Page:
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An adult female Anopheles mosquito bites a human body to begin its blood meal at Tehatta, West Bengal; India on 24/02/2023.

Soumyabrata Roy via Reuters Connect

Djibouti goes high-tech to take a bite out of malaria

The coastal country of Djibouti, one of the smallest by population in Africa, has a big problem in a tiny package: An invasive species of mosquito from the Indian subcontinent has driven malaria rates through the roof, so the government on Thursday released thousands of genetically modified bugs in a bid to save thousands of lives.

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Annie Guggliotta

Graphic Truth: Infant mortality in the OECD

American parents are more than four times as likely as their peers in Estonia to lose a baby during or shortly after birth. It is one of the most devastating human experiences – and a key indicator of a country’s development. After all, if even the most vulnerable babies survive, the healthcare system must be doing something right. By that metric, the US looks more like Chile or Slovakia than the global superpower it is.

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DNA Helix.

IMAGO/Alexander Limbach via Reuters Connect

CRISPR gets an AI upgrade

CRISPR, the gene-editing method that won two female scientists the 2020 Nobel Prize in Chemistry, may soon get infused with artificial intelligence. One Northern California startup called Profluent is expected to present its new paper at a gene-editing conference next month, which describes its work using AI to analyze biological data and create new gene-editing systems.

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Half the world can’t access healthcare. How can the World Bank help?
Half the world can’t access healthcare. How can the World Bank help? | Global Stage

Half the world can’t access healthcare. How can the World Bank help?

Globally, a shocking 4.5 billion people — more than half the world’s population — lack access to essential healthcare and another 2 billion have to make tough financial choices to find care. That means for the majority of people on earth when a child is sick, families can’t get medicine; when a mother gives birth, the delivery is unsafe; when people develop chronic conditions, they go untreated.

Billions of individual tragedies come together to hold back development in some of the world's most fragile countries, and that’s where the World Bank has a role to play. Monique Vledder runs the Global Health Practice at the World Bank, and she sat down with GZERO’s Tony Maciulis at a Global Stage event for the institution’s annual Spring Meetings.GZERO’s Tony Maciulis met with the World Bank’s Director of Infrastructure for West Africa Franz Drees-Gross, to discuss the project's details.

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A man uses a chatbot in this illustration photo.

Jaap Arriens/NurPhoto via Reuters

Get AI out of my health care

You fall and break an arm. Doctors set the break and send you to rehab. It’s pricy, but insurance should take care of it, so you submit your claim – only to be denied. Was it a claims examiner who rejected it? Or AI?

On Feb. 6, the US government sent a memo to certain Medicare insurers clarifying that no, they cannot use artificial intelligence to deny claims. While machine-learning algorithms can be used to assist them in making determinations, an algorithm alone cannot be the basis for denying care.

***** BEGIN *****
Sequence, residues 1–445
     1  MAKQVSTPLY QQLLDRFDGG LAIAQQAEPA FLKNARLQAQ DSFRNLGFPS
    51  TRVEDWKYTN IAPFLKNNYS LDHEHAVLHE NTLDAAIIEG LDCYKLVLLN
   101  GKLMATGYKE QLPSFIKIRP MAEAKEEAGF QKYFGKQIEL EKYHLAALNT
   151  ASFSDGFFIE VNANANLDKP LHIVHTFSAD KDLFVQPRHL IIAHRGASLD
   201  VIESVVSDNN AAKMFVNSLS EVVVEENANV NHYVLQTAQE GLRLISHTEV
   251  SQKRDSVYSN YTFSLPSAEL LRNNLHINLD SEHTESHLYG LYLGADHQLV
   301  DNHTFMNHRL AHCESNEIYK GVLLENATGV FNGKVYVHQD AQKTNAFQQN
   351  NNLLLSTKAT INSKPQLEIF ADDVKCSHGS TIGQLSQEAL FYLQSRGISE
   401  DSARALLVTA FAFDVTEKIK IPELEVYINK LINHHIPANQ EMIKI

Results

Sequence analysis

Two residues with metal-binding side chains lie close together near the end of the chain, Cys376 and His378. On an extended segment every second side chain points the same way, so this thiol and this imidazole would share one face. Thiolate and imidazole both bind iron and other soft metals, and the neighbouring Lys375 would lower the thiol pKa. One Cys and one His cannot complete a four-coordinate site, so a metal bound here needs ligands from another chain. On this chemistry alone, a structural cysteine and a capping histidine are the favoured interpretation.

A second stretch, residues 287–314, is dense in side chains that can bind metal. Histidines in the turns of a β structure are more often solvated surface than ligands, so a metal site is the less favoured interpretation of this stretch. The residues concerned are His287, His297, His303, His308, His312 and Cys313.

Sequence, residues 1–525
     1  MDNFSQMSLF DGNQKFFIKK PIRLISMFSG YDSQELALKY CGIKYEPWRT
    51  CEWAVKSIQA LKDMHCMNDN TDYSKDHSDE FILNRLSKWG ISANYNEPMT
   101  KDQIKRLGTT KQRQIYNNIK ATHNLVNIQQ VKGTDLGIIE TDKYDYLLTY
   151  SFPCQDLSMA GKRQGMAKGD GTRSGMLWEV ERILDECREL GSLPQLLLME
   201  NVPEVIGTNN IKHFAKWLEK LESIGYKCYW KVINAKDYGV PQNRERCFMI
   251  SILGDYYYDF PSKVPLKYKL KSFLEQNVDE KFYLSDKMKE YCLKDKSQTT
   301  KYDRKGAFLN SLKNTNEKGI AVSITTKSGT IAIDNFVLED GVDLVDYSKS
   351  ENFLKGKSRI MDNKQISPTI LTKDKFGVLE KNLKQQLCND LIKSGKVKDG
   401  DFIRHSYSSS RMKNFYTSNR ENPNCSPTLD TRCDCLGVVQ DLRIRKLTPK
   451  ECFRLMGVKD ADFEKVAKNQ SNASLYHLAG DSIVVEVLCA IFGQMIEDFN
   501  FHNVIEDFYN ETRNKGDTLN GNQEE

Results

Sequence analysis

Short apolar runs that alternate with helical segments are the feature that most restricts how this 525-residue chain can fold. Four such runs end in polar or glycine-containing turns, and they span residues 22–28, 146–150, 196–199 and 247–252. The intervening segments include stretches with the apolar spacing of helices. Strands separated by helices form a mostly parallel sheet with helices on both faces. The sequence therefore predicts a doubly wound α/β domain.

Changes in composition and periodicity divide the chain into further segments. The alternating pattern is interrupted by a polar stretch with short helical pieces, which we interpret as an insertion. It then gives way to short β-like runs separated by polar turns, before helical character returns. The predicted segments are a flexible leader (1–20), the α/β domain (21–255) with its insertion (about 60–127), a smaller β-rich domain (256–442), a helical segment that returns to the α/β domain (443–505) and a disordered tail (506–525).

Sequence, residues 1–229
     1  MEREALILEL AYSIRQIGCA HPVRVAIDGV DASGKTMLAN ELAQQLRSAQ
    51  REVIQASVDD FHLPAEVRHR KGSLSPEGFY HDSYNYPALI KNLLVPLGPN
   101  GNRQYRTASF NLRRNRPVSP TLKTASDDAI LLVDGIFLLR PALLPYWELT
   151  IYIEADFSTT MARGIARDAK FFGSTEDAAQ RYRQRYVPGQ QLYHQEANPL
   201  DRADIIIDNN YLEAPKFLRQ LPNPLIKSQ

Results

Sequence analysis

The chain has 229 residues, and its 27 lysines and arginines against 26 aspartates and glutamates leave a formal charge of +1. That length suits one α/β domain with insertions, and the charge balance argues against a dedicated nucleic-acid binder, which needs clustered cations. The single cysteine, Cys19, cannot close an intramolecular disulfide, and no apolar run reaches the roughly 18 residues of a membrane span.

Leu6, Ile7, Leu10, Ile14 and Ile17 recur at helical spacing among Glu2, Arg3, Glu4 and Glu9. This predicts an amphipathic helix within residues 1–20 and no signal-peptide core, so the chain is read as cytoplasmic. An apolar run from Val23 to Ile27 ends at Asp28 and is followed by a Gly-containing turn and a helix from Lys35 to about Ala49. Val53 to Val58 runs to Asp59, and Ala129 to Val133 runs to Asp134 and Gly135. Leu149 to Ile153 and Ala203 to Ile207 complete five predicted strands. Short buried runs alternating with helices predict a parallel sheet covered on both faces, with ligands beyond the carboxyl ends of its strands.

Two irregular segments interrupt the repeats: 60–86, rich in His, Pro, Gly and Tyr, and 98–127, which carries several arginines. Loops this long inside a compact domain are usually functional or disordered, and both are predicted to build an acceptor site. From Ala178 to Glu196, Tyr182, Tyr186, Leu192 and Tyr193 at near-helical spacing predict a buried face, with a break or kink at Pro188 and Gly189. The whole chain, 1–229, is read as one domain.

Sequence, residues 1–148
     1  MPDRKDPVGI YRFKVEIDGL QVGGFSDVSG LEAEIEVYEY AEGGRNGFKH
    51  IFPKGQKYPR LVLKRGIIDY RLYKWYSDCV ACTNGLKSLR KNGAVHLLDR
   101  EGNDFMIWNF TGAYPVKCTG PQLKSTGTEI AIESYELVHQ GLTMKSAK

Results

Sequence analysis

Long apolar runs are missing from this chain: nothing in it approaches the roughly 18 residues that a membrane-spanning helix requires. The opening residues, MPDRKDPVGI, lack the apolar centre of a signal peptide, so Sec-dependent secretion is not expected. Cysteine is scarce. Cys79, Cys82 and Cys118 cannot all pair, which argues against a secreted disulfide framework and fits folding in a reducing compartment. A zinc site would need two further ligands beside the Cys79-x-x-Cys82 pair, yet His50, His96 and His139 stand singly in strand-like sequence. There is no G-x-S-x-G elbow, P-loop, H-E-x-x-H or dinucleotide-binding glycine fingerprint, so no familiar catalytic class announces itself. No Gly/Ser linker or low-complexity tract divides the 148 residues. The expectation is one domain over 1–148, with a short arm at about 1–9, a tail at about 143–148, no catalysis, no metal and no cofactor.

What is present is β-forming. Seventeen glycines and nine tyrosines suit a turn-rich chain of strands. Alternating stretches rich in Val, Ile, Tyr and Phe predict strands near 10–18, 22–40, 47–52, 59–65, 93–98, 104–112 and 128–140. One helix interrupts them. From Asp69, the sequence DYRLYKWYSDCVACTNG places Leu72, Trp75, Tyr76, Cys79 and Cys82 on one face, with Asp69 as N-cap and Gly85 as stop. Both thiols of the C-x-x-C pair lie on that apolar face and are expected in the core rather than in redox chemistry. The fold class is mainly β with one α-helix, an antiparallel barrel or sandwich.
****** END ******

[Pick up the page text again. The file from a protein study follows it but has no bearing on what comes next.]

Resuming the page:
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How AI is changing the world of work
How AI is changing the world of work | GZERO World with Ian Bremmer

How AI is changing the world of work

The AI revolution is coming… fast. But what does that mean for your job? GZERO World with Ian Bremmer takes a deep dive into this exciting and anxiety-inducing new era of generative artificial intelligence. Generative AI tools like ChatGPT and Midjourney have the potential to increase productivity and prosperity massively, but there are also fears of job replacement and unequal access to technology.

Ian Bremmer sat down with tech expert Azeem Azhar and organizational psychologist Adam Grant on the sidelines of the World Economic Forum in Davos, Switzerland to hear how CEOs are already incorporating AI into their businesses, what the future of work might look like as AI tools become more advanced, and what the experts are still getting wrong about the most powerful technology to hit the workforce since the personal computer.

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Ian Explains: How will AI impact the workplace?
Ian Explains: How will AI impact the workplace? | GZERO World with Ian Bremmer

Ian Explains: How will AI impact the workplace?

Generative AI could increase productivity and prosperity... but also replace jobs and increase global inequality.

As long as humans have been inventing new technology, they’ve worried it will replace their jobs. From Ancient Greece to Elizabethan England, people feared machines and automation would eliminate the need for human labor. Hundreds of years later, the same conversation is happening around artificial intelligence—the most powerful technology to hit the workforce since the personal computer.

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Illustration of a female healthcare worker wearing scrubs and a surgical mask created with Generative AI technology.

IMAGO/Nedrofly Stock via Reuters Connect

The WHO’s AI warning

Generative AI could be game-changing for the world of medicine. It could help researchers discover new drugs and better match ailing patients with correct diagnoses.

But the World Health Organization is concerned about everything that could go wrong. The global health authority is formally warning countries to monitor and evaluate large language models for medical and health-related risks.

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